Police Officer

Job Description:

A police officer keeps law and order, investigates crime, and supports crime prevention.

Job Category:
Government & Public Services

What you will do:

You’ll work as a uniformed officer on patrol, checking the security of public areas. You’ll also work at a police station.

Your day-to-day tasks may include:

  • responding to calls for help from the public
  • investigating crimes and offenses
  • interviewing suspects and making arrests
  • giving evidence in court
  • controlling traffic and crowds at large public events and gatherings
  • giving the public advice on personal safety and crime prevention
  • promoting respect for people in relation to their race, diversity and human rights

You’ll work with other police officers and staff like police community support officers, and investigators for crime scenes and road traffic accidents.


You’ll need:

  • legal knowledge including court procedures and government regulations
  • knowledge of public safety and security
  • to be able to use a computer and the main software packages competently

As well as:

  • negotiation skills for keeping people safe
  • patience and the ability to remain calm in stressful situations
  • sensitivity and understanding for dealing with traumatic situations
  • the ability to understand people’s reactions
  • excellent verbal communication skills
  • leadership skills
  • confidence, courage and initiative (drive)
  • the ability to learn facts and procedures quickly
  • the ability to work in a team (teamwork)
Illustration of employee looking at workspace

Entry Requirements:

You’ll need to contact your local police force to apply.

Each police force has its own recruitment rules, but the basic guidelines are the same. In the UK, for example, you’ll need to:

  • be aged 18 or over
  • be a British or Commonwealth citizen, a European Union (EU) or European Economic Area (EEA) citizen, or a foreign national with the right to stay and work in the UK for an indefinite period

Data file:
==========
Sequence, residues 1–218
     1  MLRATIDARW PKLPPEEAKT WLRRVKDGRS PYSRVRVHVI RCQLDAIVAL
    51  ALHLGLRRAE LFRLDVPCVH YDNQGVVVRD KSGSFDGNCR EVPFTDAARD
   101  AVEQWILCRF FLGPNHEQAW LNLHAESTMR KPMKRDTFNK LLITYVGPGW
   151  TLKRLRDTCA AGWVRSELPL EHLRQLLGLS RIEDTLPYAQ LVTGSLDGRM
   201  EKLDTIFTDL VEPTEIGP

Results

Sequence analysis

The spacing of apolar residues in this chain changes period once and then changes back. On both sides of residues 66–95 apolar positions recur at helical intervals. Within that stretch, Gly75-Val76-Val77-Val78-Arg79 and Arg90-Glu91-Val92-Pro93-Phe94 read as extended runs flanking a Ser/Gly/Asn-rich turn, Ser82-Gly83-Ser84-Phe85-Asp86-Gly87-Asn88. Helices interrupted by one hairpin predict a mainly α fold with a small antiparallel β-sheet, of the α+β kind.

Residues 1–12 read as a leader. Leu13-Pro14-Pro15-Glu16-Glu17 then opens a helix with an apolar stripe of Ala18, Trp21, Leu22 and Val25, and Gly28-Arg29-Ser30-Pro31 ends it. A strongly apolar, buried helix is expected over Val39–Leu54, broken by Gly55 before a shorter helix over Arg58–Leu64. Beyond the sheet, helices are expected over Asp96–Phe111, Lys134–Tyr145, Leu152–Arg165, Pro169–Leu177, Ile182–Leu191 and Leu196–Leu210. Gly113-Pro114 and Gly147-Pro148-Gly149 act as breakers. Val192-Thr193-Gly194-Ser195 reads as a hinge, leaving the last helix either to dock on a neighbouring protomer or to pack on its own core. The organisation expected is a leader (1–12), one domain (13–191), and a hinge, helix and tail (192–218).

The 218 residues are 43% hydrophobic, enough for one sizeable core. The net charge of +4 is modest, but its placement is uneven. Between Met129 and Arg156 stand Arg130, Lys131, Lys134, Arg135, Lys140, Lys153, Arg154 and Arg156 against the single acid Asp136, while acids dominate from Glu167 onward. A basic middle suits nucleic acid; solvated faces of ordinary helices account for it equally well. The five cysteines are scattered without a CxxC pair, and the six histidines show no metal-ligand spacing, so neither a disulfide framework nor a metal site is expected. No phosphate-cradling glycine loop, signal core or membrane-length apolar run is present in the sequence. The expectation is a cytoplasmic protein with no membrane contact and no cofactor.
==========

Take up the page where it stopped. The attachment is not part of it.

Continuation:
• pass background and security checks, and give details of any previous convictions

If your application is successful, you’ll be invited to an assessment centre where you’ll:

  • have an interview
  • take written tests
  • take a physical fitness test
  • take a medical and eyesight test

Those with a degree can apply for the Police Now Graduate Leadership Development Programme.

Those with management experience can apply for direct entry as an inspector or superintendent. Lead Beyond has more information about direct entry.

The College of Policing has more information on careers in the police service.

Related University Subject profiles include Law and Legal studies & Criminology

Working Hours and Environment:

You’ll usually work 40 hours a week on a shift system. This could include nights, weekends and public holidays.

When you’re on patrol, you’ll usually be in a car or on foot. Depending on your area, you’ll also patrol by bicycle, motorbike, horseback or boat.

The job can be physically demanding, and sometimes dangerous.

Career Path & Progression:

You’ll spend 2 years as a student officer before becoming a police constable. You’ll then decide whether you want to specialise in a particular area of policing. You could consider:

  • Criminal Investigation Department (CID), anti-fraud or road traffic
    drugs or firearms
  • counter-terrorism
  • air support or underwater search
  • dog-handling or mounted policing

With experience you may be able to apply for promotion to sergeant, inspector, chief inspector or higher.

In the CID you’ll also have the title of detective added to your rank – for example, detective sergeant or detective chief inspector.